HYPERSPECTRAL IMAGING FOR COLOR AND SURFACE CHARACTERIZATION
A hyperspectral camera is the most accurate imaging technique to inspect and measure colors as it records the full visible spectrum in each image pixel.
This information can be used to precisely identify and quantify the colors present in the object, including subtle color variations that may be imperceptible to the human eye. In the visible region, a very high separation of colors can be achieved.
In addition to measuring the color of an object, hyperspectral imaging can also provide information on the composition of the object and its surface properties, making it a powerful tool in many applications, including color matching, quality control, and product inspection.
Display inspection with a hyperspectral camera
Most display panels and light sources are based on LED backlights. They produce inconsistent spectra; therefore, accurate color measurement is only possible by measuring the actual spectrum.
Traditionally it is done by point spectrophotometers. Point spectrophotometers typically measure the spectral properties of light at a single point or small area, which can limit their ability to analyze spatial variations in color or surface properties. The inspection is limited to a few discrete points on the display surface in the production environment.
In contrast, hyperspectral cameras capture images over a large area, providing detailed information to analyze the variations in color and surface properties. The Specim FX10 hyperspectral camera can perform 100% display surface testing at a production test station in real time. Both luminance uniformity and color gamut can be inspected from the data to detect any color variations, inconsistencies, defects, or irregularities in the display, such as dead pixels or damaged areas.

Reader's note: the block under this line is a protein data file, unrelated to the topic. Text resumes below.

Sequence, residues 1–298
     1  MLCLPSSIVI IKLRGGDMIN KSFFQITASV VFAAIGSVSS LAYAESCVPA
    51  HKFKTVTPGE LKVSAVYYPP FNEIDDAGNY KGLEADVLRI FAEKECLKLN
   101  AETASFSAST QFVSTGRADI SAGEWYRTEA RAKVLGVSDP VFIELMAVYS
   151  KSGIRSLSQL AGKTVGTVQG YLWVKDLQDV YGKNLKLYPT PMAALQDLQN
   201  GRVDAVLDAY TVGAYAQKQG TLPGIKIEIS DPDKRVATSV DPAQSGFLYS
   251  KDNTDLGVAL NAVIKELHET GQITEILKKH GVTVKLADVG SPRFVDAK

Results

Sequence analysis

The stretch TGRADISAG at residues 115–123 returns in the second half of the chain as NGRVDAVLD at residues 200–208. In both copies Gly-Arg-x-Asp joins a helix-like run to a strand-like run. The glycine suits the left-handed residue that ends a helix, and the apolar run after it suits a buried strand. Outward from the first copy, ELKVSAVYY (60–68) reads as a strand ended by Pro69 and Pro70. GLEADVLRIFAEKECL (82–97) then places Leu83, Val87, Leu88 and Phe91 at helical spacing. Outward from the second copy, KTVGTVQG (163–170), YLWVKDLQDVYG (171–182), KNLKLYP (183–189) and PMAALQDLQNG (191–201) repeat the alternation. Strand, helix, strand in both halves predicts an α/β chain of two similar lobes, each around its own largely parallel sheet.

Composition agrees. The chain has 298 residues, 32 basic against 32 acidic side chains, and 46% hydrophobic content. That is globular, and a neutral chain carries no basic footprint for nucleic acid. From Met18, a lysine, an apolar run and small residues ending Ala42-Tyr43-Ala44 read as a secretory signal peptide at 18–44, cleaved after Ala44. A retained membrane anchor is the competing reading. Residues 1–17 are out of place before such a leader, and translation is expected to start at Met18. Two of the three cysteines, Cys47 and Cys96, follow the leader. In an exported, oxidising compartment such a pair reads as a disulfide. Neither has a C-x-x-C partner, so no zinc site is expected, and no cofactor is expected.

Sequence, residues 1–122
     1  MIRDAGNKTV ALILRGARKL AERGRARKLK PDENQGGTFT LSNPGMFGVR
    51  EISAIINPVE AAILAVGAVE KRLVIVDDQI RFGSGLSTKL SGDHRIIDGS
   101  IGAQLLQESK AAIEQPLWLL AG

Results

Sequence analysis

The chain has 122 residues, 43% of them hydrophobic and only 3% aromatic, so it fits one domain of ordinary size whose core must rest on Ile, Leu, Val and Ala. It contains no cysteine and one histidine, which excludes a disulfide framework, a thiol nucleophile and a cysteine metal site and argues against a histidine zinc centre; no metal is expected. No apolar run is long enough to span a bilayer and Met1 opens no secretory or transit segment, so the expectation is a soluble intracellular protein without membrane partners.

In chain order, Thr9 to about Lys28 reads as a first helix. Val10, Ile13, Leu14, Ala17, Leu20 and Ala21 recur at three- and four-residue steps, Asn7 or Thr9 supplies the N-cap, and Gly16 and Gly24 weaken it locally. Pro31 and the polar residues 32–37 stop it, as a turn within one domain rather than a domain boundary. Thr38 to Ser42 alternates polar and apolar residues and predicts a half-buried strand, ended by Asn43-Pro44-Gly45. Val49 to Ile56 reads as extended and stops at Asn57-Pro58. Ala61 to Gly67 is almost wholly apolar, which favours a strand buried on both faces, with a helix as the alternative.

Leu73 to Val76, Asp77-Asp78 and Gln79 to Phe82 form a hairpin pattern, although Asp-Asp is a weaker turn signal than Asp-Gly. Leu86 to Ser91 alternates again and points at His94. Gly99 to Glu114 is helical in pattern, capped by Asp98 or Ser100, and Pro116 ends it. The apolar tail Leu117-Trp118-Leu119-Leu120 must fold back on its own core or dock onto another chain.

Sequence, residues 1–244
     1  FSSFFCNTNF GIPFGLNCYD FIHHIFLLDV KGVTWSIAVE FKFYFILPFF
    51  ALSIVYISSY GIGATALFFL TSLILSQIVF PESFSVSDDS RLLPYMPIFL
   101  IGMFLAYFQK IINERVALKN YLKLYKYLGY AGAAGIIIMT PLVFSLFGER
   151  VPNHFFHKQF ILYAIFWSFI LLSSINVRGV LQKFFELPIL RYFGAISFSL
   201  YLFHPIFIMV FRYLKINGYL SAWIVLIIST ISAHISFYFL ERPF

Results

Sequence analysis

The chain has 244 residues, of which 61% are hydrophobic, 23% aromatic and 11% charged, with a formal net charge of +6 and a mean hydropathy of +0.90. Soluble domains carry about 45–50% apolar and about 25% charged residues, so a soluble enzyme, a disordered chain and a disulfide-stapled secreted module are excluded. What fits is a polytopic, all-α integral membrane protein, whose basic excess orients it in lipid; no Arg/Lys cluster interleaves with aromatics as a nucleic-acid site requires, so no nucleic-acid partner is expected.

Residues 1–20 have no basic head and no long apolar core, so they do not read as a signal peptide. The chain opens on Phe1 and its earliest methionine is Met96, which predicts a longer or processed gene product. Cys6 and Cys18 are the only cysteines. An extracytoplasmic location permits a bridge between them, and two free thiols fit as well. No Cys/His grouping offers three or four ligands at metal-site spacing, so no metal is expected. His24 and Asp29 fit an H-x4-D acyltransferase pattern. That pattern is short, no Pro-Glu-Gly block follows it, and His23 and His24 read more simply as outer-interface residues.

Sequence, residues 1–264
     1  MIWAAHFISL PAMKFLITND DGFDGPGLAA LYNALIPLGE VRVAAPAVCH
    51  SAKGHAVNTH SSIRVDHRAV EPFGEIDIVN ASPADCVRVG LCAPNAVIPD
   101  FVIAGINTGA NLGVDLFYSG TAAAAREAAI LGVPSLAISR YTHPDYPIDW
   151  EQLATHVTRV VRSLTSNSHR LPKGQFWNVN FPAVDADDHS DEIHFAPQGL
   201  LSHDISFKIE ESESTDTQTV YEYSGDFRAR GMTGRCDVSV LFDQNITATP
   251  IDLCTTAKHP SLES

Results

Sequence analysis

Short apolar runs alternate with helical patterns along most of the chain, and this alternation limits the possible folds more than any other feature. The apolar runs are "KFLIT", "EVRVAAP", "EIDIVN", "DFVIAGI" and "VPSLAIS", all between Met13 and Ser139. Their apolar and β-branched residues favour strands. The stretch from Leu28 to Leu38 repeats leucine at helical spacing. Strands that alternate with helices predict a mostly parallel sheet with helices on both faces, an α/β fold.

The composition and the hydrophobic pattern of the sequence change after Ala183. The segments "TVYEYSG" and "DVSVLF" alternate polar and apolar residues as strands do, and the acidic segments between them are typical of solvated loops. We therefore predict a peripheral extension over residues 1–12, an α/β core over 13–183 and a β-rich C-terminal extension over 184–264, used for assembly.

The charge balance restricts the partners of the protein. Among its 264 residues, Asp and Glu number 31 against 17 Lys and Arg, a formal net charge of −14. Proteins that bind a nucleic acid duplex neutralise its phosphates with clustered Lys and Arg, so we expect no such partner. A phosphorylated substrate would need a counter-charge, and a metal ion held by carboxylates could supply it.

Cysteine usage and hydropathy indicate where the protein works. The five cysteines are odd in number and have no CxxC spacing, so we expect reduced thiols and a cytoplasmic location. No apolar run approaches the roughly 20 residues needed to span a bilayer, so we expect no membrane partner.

Color control in digital printing
Digital printing is applied to paper, packaging, plastics, textiles, ceramics, and metal (like cans) products and is growing rapidly. Printer control requires frequent accurate measurement of color test sheets and also real-time in-line color measurement. Standard RGB cameras and multiband cameras are not accurate enough, and point-spectrometer-based XY scanners are too slow. The Hyperspectral color scanner based on Specim FX10 hyperspectral camera and intense LED illumination solves these issues. The line scan concept also applies to in-line applications.
Figure: Hyperspectral color scanner based on Specim FX10 hyperspectral camera